SEOUL -- North Korea has announced the resurrection of a mass acrobatic, dance and gymnastic performance listed in Guinness World Records as the largest event of its kind, putting an end to a five-year hiatus.
The performance titled "The Glorious Country" will be held at the May Day Stadium in Pyongyang from September 9 when North Korea marks the 70th anniversary of its founding, read a notice posted on the website of the country's state tourism body, Korea Tour. It will last until the end of September.
Korea Tour said the ticket price ranges from 100 euros ($113) to 800 euros, but it did not mention the name of Arirang used for North Korea's annual festival which was suspended in 2014 for unknown reasons.
The notice was posted on August 13 when the two Koreas agreed to hold the third summit between their leaders in September in Pyongyang. The office of South Korean President Moon Jae-in said the next summit would not take place before September 10, citing Pyongyang's internal political events.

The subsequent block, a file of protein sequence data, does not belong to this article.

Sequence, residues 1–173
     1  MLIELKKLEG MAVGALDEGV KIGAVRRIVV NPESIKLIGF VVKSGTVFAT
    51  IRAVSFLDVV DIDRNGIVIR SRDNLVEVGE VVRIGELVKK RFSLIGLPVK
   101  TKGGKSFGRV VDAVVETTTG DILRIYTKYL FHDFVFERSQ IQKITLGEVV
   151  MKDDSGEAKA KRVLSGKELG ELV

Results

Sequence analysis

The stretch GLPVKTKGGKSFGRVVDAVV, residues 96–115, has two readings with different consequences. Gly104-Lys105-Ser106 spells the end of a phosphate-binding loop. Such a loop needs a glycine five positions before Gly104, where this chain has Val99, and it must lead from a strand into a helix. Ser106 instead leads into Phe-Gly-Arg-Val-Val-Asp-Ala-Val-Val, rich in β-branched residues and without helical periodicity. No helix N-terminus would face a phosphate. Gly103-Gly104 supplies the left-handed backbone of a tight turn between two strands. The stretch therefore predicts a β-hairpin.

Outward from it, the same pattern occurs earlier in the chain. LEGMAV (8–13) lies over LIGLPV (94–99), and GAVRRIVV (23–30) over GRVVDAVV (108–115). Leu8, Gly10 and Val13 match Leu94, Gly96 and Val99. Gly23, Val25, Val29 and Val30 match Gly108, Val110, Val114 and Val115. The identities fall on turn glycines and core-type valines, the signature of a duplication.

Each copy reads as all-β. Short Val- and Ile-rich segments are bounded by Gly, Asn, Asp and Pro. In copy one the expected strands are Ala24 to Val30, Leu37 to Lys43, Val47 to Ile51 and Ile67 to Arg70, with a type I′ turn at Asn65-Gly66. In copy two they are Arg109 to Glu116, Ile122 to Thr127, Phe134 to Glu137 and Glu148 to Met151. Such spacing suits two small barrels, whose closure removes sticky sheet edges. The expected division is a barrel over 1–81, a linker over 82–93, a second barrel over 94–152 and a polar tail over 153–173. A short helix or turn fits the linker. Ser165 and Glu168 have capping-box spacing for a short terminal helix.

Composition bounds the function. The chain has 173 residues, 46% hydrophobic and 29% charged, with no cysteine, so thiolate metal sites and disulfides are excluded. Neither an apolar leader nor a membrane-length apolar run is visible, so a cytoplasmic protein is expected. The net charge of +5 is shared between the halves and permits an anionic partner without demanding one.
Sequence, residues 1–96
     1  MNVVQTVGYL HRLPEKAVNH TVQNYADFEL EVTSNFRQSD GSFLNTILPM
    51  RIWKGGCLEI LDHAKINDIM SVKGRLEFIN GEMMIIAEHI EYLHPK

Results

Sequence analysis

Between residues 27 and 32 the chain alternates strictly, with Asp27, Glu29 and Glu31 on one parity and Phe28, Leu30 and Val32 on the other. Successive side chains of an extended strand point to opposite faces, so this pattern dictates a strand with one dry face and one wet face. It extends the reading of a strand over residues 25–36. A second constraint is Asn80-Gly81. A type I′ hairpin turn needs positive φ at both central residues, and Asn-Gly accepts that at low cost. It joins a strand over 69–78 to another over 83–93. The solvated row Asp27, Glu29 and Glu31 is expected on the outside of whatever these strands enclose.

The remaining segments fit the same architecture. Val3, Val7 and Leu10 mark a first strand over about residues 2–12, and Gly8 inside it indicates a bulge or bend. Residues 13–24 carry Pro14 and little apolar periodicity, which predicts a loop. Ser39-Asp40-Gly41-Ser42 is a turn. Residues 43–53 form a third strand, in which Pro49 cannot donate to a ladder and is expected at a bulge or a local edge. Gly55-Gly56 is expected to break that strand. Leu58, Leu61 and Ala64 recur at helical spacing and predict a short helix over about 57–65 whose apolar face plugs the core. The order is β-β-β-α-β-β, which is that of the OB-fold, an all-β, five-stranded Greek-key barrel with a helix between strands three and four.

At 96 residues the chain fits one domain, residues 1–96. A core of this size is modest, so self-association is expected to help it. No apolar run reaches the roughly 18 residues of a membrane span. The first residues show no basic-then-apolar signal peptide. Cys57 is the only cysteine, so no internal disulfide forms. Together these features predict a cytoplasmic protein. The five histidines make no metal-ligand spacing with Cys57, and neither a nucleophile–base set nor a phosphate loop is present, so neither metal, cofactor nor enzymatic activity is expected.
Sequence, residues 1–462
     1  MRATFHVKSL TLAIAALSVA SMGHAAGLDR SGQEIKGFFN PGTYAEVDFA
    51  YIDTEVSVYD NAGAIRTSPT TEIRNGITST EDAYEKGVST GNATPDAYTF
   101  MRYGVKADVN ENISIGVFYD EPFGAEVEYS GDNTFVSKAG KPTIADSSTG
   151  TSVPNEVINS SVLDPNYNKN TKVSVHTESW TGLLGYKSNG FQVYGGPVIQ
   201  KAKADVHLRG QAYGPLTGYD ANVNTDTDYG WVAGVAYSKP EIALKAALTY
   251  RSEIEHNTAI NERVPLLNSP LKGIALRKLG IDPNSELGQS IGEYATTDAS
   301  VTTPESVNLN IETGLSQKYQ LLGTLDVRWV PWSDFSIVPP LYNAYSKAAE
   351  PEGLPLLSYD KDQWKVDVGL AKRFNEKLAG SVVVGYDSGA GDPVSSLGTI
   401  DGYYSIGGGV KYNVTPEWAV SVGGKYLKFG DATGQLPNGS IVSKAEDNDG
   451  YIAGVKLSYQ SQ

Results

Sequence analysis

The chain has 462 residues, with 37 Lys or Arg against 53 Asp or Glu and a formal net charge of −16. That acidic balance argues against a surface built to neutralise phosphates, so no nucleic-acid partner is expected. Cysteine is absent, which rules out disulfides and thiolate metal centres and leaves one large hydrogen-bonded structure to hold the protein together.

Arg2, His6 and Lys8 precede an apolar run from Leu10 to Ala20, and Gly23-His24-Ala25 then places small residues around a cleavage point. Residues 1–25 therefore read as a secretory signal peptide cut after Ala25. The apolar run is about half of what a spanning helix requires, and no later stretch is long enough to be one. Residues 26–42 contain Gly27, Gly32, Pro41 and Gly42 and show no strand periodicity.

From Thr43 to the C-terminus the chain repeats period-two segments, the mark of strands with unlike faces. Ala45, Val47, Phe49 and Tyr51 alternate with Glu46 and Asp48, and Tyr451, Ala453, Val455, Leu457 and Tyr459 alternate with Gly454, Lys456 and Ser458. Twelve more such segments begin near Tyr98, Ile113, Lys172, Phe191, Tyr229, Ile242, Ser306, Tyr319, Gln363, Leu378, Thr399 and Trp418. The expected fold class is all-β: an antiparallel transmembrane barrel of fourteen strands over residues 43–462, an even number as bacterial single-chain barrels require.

This year, North Korean leader Kim Jong-un has taken a series of peace overtures, including a high-profile summit with Moon in April in the truce village of Panmunjom and his trip to Singapore in May for talks with U.S. President Donald Trump.
Traditionally, the festival has opened with the mass games framed for huge mosaic pictures created by tens of thousands of school children, each holding up colored cards in a card stunt, accompanied by complex and highly choreographed group routines performed by gymnasts and dancers.
The extravaganza has been a crucial propaganda tool to eulogize the Kim dynasty, unfolding an epic story of how North Korea ended the history of distress and rose as a dignified nation. It has also helped the cash-strapped country earn hard foreign currency.
In 2007, the Arirang mass games were recognized by Guinness World Records as the largest gymnastic display with about 100,000 participants. Arirang, a lyrical folk song, has been used by the two Koreas as their unofficial national anthem in joint sports and cultural events.
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